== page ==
In an "exclusive", The Independent 17th October has indicated that the government plans to "fast track" a British Bill of Rights into law. A 12 week consultation will run from some time in November or December 2015 (therefore including Christmas and New Year) and then, without a Green Paper or White Paper, a Bill will go to the House of Commons. The Independent report suggests that any delay in getting this into law will arise from "seasoned lawyers" in the House of Lords.
It is claimed that the Human Rights Act has been "misinterpreted" so as to give precedence to the European Court of Human Rights (E Ct HR) over the UK Supreme Court. The Human Rights Act 1998 certainly requires British courts to "take into account" decisions of the E Ct HR. Precisely what is required by the phrase "take into account" has been the subject of much debate since it begs the question as to when, if at all, a UK court might choose not to follow a decision of the E Ct HR - (e.g. see post of 21st October 2013 about the Chester and McGeogh cases).
The reason for the rush to legislate is said to be the promised EU referendum.
According to the article, the EU and Human Rights are often "linked in the minds of the public and some Eurosceptics." Hence, it seems that the government wishes to deal with our human rights before putting the EU membership question to the people. I would tentatively suggest that any delay to the EU referendum might be more due to political considerations such as the likelihood that the public will vote to exit the EU (e.g. here) and warnings that exit (Brexit) would be very detrimental to British business (e.g. here).
The Secretary of State for Justice (Michael Gove) is reportedly going to visit Scotland with a view to trying to persuade the Scottish government to back his proposals. So far they have been opposed to losing the Human Rights Act (previous post) and so one is left to wonder what might persuade them to reverse direction and support Gove's plans. It is not reported whether Mr Gove will visit either Northern Ireland (where the Human Rights Act underpins the 1998 Good Friday Agreement) or Wales but discussion with those devolved administrations will have either taken place or will do so.
The Independent notes that the UK will NOT be leaving the European Convention on Human Rights. For my part, I have never thought that it would take such a draconian step since withdrawal would be detrimental to the standing of the UK in the wider world but remaining within the convention means that the UK as a nation will continue to be bound in international law by the convention and by decisions of the European Court of Human Rights.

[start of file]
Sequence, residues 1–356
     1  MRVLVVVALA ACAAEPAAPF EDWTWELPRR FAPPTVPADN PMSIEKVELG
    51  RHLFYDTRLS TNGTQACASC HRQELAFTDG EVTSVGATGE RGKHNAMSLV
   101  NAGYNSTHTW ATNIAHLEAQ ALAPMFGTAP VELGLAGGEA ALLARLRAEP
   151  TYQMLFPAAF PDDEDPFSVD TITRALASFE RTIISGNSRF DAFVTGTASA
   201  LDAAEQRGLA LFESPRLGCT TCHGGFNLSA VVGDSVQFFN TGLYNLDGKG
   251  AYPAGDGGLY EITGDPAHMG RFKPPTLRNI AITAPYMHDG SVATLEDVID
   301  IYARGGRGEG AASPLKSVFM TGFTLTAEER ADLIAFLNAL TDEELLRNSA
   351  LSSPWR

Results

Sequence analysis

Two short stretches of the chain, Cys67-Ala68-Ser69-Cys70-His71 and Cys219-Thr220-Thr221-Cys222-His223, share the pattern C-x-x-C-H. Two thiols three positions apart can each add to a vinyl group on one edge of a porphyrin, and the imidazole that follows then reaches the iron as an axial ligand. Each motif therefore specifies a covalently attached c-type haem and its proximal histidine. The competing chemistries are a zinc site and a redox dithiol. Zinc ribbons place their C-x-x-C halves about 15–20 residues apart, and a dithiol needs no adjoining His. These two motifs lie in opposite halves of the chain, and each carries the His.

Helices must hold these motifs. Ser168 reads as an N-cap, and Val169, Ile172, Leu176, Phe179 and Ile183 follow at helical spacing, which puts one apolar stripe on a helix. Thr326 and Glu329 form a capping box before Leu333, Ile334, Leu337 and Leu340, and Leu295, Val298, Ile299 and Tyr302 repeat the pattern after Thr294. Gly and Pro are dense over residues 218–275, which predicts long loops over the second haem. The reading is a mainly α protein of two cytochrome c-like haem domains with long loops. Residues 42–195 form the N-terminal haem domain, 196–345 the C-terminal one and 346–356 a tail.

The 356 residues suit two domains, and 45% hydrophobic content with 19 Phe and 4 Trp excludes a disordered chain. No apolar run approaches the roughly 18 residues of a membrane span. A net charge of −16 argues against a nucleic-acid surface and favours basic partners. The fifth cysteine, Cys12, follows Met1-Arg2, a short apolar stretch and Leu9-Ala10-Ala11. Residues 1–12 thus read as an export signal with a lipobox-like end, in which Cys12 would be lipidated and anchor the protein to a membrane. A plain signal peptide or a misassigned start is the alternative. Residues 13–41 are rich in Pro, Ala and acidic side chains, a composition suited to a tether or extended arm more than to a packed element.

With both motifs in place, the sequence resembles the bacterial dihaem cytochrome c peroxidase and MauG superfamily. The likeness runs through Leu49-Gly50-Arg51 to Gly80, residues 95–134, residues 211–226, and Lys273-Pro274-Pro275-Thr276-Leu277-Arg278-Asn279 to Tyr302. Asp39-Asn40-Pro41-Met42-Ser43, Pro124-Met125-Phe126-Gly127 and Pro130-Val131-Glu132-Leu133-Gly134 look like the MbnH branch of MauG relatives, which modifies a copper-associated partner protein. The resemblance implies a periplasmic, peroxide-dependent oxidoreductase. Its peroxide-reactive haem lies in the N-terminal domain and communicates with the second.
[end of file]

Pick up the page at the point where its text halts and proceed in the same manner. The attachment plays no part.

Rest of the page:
Regrettably, there is right-wing political dislike of the Human Rights Act. The Conservative Party included "scrapping it" in their election manifesto. Their dislike of some decisions of the European Court of Human Rights (E Ct HR) is well-known. The most notable example is the insistence by the E Ct HR that the UK's blanket ban on prisoner voting is contrary to the convention.
A 12 week consultation period is short and no sensible analysis can be properly undertaken unless the DRAFT BILL is also included as part of the consultation document. There is no indication in the Independent article that it will be. Without the Bill, we are likely to see only a set of somewhat loaded consultation questions. That would be highly unsatisfactory.
This matter is too important to be rushed through on a fast-track process which could mean that debate in Parliament is severely limited. There is a worrying fondness for fast-tracked legislation on the part of Ministers. It is open to constitutional objection* in that it is contrary to the notion that Parliament should fully analyse and debate legislative proposals. Those who wish to comment are denied a proper opportunity to consider their case and communicate it to MPs. Furthermore, fast-tracking legislation can lead to problems that might have been avoided with a less rushed process.
Mr Gove should hold his horses. The draft Bill must be published. Adequate time must be allowed for consultation on the draft and Parliament must be given the necessary time to address the government's proposals. The Human Rights of the People merit no less.
Update 19th October:
UK Human Rights Blog - The round up: Gove's Gallop to the Commons
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* A House of Commons Standard Note (12th November 2012) indicates some 11 problems with fast-tracking legislation:
• Constrained parliamentary scrutiny
• The degree to which legislation is fast-tracked
• Does fast-tracking of legislation lead to bad legislation?
• Pressure on the procedural process
• Pressure on campaigners and interested organisations
• The “something must be done” syndrome
• Exaggerating the case for fast-tracking
• Including non-urgent matters in a fast-tracked bill
• “Act in haste and repent at leisure”
• Executive dominance of the fast-track process
• Differences between the Commons and the Lords